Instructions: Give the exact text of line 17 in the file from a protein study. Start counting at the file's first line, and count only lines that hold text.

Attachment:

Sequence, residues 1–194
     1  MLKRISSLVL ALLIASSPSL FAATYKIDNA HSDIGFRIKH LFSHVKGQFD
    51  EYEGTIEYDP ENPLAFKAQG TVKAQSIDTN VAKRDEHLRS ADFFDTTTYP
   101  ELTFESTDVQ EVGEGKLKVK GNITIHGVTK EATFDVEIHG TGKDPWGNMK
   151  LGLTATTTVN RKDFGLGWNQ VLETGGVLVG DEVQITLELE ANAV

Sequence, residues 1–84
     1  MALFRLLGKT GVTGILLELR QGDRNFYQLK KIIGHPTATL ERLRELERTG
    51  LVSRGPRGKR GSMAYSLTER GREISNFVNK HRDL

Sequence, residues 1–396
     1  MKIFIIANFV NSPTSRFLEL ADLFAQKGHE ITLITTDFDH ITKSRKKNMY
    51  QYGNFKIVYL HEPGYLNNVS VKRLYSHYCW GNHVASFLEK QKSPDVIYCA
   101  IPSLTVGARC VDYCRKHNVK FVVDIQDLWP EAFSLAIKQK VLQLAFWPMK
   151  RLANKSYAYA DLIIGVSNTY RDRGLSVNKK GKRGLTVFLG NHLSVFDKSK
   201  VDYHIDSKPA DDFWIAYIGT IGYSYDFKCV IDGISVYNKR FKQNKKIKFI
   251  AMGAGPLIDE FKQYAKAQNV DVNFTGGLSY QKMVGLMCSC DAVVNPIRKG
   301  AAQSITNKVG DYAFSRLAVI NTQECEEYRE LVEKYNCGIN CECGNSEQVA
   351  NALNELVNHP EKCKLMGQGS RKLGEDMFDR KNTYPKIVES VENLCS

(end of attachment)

   351  NALNELVNHP EKCKLMGQGS RKLGEDMFDR KNTYPKIVES VENLCS